Weill had ideals of writing music that served a socially useful purpose. In the US, he wrote Down in the Valley, an opera including the song of the same name and other American folk songs. He also wrote a number of songs in support of the American war effort, including the satirical “Schickelgruber” (with lyrics by Howard Dietz), “Buddy on the Nightshift” (with Oscar Hammerstein) and – with Brecht again as in his earlier career – the “Ballad of the Nazi Soldier’s Wife” (“Und was bekam des Soldaten Weib?”). Intended for broadcast to Germany, the song chronicled the progress of the Nazi war machine through the gifts sent to the proud wife at home by her man at the front: furs from Oslo, a silk dress from Paris etc., until finally, from Russia, she receives her widow’s veil.
Apart from “Mack the Knife” and “Pirate Jenny” from The Threepenny Opera, his most famous songs include “Alabama Song” (from Mahagonny), “Surabaya Johnny” (from Happy End), “Speak Low” (from One Touch of Venus), “Lost in the Stars” (from the musical of that name), “My Ship” (from Lady in the Dark), and “September Song” (from Knickerbocker Holiday).
Weill suffered a heart attack shortly after his 50th birthday and died on April 3, 1950, in New York City. He was buried in Mount Repose Cemetery in Haverstraw, New York.
In 1922, Lenya was seen by her future husband, German-Jewish composer Kurt Weill, during an audition for his first stage score Zaubernacht, but because of his position behind the piano, she did not see him. She was cast, but owing to her loyalty to her voice coach, she declined the role. She accepted the part of Jenny in the first performance of The Threepenny Opera (Die Dreigroschenoper) in 1928, and the part became her breakthrough role. During the last years of the Weimar Republic, she was busy in film and theatre, and especially in Brecht-Weill plays. She made several recordings of Weill’s songs.
With the rise of National Socialism in Germany, many artists were not appreciated, and although not Jewish, she left the country, having become estranged from Weill. (They would later divorce and remarry.) In March 1933, she moved to Paris, where she sang the leading part in Brecht-Weill’s “sung ballet”, The Seven Deadly Sins.
Lenya and Weill settled in New York City on 10 September 1935. During the summer of 1936, Weill, Lenya, Paul Green, and Cheryl Crawford rented a house at 277 Trumbull Avenue in Nichols, Connecticut, about 2 miles from Pine Brook Country Club, the summer rehearsal headquarters of the Group Theatre. Here, Green and Weill wrote the screenplay and music for the controversial Broadway play Johnny Johnson, which was titled after the most frequently occurring name on the American casualty list of World War I. During this period, Lenya had a love affair with playwright Paul Green.
During World War II, Lenya did a number of stage performances, recordings, and radio performances, including for the Voice of America. After a badly received part in her husband’s musical The Firebrand of Florence in 1945 in New York, she withdrew from the stage. After Weill’s death in 1950, she was coaxed back to the stage. She appeared on Broadway in Barefoot in Athens and married editor George Davis.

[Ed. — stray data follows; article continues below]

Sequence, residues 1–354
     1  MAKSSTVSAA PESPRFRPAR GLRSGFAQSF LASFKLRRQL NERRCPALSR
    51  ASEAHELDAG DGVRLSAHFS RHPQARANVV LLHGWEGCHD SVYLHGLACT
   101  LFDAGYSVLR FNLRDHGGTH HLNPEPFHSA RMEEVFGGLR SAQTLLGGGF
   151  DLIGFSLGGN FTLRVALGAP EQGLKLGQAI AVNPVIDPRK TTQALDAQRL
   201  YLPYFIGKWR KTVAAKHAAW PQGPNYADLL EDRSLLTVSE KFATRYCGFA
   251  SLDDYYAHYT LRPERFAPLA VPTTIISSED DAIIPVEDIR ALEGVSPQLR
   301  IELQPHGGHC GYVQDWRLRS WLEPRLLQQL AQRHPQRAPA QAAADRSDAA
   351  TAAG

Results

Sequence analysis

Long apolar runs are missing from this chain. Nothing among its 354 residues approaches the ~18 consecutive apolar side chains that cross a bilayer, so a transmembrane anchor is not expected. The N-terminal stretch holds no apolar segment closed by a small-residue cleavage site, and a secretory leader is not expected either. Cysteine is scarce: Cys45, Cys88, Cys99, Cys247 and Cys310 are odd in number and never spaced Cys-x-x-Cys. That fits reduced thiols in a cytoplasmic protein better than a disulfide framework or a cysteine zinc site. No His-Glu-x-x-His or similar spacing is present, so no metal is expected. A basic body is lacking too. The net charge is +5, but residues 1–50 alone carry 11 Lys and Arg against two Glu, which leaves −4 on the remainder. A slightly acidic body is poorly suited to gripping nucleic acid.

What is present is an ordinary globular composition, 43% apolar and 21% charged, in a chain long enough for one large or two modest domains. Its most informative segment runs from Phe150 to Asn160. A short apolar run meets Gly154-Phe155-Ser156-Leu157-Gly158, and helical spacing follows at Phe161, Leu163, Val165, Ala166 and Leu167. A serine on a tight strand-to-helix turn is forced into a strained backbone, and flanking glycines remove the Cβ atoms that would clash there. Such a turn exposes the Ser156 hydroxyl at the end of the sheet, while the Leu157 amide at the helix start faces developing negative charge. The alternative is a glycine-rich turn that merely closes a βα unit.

In 1956, she won a Tony Award for her role as Jenny in Marc Blitzstein’s English version of The Threepenny Opera, the only time an off-Broadway performance has been so honored. Lenya went on to record a number of songs from her time in Berlin, as well as songs from the American stage. Her voice had deepened with age. When she was to sing the soprano part in Rise and Fall of the City of Mahagonny and The Seven Deadly Sins, the part needed transposition to substantially lower keys.
Sprechstimme was used in some famous songs in the Brecht-Weill plays, but now Lenya used it even more to compensate for the shortcomings of her voice. Lenya was aware of this as a problem; in other contexts, she was very careful about fully respecting her late husband’s score.
She founded the Kurt Weill Foundation for Music, to administer incomes and issues regarding rights, and to spread knowledge about Weill’s work. She was present in the studio when Louis Armstrong recorded Brecht-Weill’s “Mack the Knife”*. Armstrong improvised the line “Look out for Miss Lotte Lenya!” and added her name to the list of Mack’s female conquests in the song.
Her role as Vivien Leigh’s earthy friend Contessa Magda Terribili-Gonzales in the screen version of Tennessee Williams’ “The Roman Spring of Mrs. Stone” (1961) brought Lenya Academy Award and Golden Globe nominations as Best Supporting Actress. In 1963, she was cast as the spectre agent Rosa Klebb in the James Bond movie “From Russia with Love” starring Sean Connery and Robert Shaw.
In 1966, Lenya originated the role of Fräulein Schneider in the original Broadway cast of the musical “Cabaret”. Kander and Ebb’s score was considered by some to be inspired by Weill’s music. In 1979, two years before her death, Lotte Lenya was inducted into the American Theater Hall of Fame. Lenya died in Manhattan of cancer in 1981, aged 83. She is buried next to Weill at Mount Repose Cemetery in Haverstraw, New York.
* Louis Armstrong’s version can be found on several Philips issues, for instance on this one: EP 12035.
The first more or less complete recorded version of “Porgy And Bess” appeared on Columbia in 1951. As a result of the cooperation between Philips and Columbia the recordings were released in Europe on the Philips label in 1955 (probably). I acquired a copy of this 3LP album recently.
Gershwin’s opera was an important work of art and the following text (from Wikipedia) explains (partly) why.
Porgy and Bess is an English-language opera by the American composer George Gershwin, with a libretto written by author DuBose Heyward and lyricist Ira Gershwin. It was adapted from Dorothy Heyward and DuBose Heyward’s play Porgy, itself an adaptation of DuBose Heyward’s 1925 novel of the same name.